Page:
Monthly Archives: January 2008

A New Gym and Three Clowns

The other morning, I stumbled upon the Jose Marti Gymnasium construction site and thought it was a great public amenity for the neighborhood. With this in mind I stopped my car, rolled down the window, and began snapping some shots. Before I could finish, some where in the distance I heard shouts. It seemed to be coming from above me because no one was on the street. I rolled down the window further and heard “Dile a ese come pinga que pare de tirar fotos!…Terrorista!!” (ask a Spanish speaker for the translation). Hearing that compelled me to drive off, but upon doing so I stopped, got off the car and snapped one more picture. I didn’t notice then, but when I got home, I zoomed in and saw what had happened:

Image: Zoomed in image of three clowns

The three enlightened fellows shown above were doing the yelling. With that said, the gymnasium is a great benefit for the community, but it’s price tag is a bit steep at $10.4 million. To think the City gave the construction contract to the company that hired these morons gives me chills though.

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Collins Avenue Development Activity Expanding

Image: Formerly Fairwind Seafood Bar and Grill

On May 17, last year, I wrote a post on the Collins Avenue Shopping District’s relatively rapid emergence and unique attributes. I ended the post by stating:

“The shopping district currently ends at 10th street, but there is room for it to expand northward. Collins, between 10th and 15th streets represents an underutilized segment of the storied avenue.”

Since then, the area north of 10th street on Collins has begun to transform as the anticipated northward expansion of new retail and hotel activity takes place. Structures are getting bought, restored, or demolished to make way for new businesses.

South Beach as a neighborhood and international brand has continuously redefined itself. It’s in these subtle changes, the motifs within the theme, that you see the redefinition taking place, so that every time a New Yorker or Londoner visits SoBe they feel like the experience has improved. This adaptability, along with the endowments nature has granted the island, is the key to its continued success.

Let’s see what this expansion looks like on the ground:

Image: 1221-25 Collins (NY-based owners)

Image: Hotel Webster 1220 Collins

Image: Site of future retail on 12th and Collins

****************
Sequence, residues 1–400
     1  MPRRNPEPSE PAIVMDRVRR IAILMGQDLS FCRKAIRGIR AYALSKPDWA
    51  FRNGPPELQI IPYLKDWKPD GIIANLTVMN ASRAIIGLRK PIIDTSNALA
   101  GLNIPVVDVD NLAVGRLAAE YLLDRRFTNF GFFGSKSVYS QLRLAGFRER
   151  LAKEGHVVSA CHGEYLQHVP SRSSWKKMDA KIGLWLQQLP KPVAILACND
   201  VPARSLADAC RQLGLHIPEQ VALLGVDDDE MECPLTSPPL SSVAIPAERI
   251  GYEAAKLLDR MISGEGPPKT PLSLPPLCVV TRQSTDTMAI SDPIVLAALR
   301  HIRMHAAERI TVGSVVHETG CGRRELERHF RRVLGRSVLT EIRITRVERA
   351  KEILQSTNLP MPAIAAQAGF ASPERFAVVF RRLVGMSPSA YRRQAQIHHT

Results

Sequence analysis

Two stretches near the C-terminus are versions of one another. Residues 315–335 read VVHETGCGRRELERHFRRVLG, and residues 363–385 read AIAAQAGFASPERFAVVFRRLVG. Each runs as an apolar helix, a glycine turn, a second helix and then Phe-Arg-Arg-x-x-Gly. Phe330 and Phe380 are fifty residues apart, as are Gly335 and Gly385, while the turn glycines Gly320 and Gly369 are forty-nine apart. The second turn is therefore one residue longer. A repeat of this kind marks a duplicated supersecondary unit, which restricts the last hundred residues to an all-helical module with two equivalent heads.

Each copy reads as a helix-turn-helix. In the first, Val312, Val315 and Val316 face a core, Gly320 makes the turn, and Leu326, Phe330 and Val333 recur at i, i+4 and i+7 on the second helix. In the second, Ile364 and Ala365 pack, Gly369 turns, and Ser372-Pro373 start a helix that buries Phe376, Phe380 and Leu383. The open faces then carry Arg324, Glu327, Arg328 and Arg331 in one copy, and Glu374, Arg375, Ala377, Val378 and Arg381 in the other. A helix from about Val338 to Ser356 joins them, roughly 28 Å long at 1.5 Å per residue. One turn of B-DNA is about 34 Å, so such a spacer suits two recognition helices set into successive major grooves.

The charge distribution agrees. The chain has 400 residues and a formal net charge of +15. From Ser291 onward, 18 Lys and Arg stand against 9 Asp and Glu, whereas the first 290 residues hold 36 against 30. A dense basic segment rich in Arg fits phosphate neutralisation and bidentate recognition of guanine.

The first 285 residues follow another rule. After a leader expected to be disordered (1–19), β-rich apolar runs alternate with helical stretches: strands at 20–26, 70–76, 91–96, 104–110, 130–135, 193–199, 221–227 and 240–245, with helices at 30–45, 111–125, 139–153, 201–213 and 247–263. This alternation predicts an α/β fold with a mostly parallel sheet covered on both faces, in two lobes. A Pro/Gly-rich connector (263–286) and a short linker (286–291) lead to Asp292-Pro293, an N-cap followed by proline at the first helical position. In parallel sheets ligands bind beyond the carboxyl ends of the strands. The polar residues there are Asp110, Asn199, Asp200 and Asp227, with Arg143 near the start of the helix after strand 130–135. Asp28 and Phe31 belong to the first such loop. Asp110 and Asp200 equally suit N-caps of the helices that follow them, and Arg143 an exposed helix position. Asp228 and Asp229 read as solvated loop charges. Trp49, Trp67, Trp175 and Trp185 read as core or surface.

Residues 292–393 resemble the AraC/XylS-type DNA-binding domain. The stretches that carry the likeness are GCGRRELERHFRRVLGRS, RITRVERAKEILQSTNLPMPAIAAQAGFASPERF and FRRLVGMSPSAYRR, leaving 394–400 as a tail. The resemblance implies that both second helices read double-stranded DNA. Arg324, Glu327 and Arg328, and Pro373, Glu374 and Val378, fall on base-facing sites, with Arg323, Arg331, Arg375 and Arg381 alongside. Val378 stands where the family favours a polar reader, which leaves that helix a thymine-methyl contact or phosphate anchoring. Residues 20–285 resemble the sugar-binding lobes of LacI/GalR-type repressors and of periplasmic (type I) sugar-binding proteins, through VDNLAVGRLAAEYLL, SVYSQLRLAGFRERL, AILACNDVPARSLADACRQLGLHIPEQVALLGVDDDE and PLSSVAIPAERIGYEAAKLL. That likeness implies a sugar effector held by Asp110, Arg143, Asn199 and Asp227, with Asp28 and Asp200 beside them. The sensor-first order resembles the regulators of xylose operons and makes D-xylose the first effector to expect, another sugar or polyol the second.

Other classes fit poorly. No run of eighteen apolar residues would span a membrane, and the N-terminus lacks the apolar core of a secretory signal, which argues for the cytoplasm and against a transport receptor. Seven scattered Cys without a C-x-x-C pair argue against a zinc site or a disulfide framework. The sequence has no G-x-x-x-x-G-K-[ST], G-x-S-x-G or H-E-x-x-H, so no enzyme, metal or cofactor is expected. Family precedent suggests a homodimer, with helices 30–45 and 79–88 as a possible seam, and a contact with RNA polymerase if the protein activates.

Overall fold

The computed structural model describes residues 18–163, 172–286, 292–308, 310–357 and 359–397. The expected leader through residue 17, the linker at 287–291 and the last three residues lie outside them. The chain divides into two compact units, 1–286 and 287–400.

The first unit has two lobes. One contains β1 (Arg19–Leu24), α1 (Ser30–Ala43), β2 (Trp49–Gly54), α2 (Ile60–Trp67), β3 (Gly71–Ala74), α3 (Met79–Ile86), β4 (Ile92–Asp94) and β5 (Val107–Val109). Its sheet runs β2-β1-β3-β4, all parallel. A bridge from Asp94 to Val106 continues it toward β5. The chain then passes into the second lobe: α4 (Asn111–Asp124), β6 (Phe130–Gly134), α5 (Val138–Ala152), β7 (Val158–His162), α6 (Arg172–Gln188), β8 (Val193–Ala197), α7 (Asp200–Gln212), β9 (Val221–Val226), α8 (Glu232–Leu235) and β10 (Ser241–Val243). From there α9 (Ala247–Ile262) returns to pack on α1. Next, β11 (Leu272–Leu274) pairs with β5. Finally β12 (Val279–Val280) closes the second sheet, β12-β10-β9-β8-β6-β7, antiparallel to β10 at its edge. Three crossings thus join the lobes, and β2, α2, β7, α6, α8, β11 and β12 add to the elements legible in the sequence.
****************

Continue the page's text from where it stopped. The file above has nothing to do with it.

Image: Palmer House Apartments 1119 Collins

Image: Tudor Hotel 1111 Collins

Image: Courtyard adjacent to the Tudor Hotel

Image: formerly David’s Cafe 1058 Collins

Image: Fairwind Hotel 1000 Collins

Image: Stardust Apartments 910 Collins Avenue

Image: Coral House

Image: Franklin Hotel 860 Collins

Image: Close up of the Franklin Hotel

Map: Green line represents existing Collins Avenue shopping District and new retail. The Red line represents the area of northward expansion currently taking place.

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Jacobo Cababie Dies of a Massive Heart Attack

Today, the profile I wrote on CABI principal Jacobo Cababie (developer of Everglades on the Bay, Turnberry projects, the Capital at Brickell) was the most popular read on my site. Considering I had written it months ago and didn’t have a direct referrer (website linking to me), I figured maybe something happened to him and people are searching him on Google. Turns out, something did. He died of a massive heart attack. No word on how or whether this tragedy will affect his firm’s numerous major Miami projects–including the Fontainebleau expansion.

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Foram Group Bullish on Miami’s Class A Office Market

Condo Boom Stimulating Class A Office Development

Loretta Cockrum, President of the Foram Group (builders of the Brickell Financial Center) has said that the condo market boom has impacted the demand for Class A office space. Most agree that the condo boom, with all of its problems, does have one major positive aspect: the improvement of Miami’s demographics. For Miami, the status quo means mostly low income. Although not likely to quickly change, the incoming occupancy waves in and around the urban core will bring up income levels so that they are more compatible with declining home prices. This demographic improvement, according to Loretta, has and will continue to result in significant high quality commercial development.

Local Small Business Owners Uninterested in Green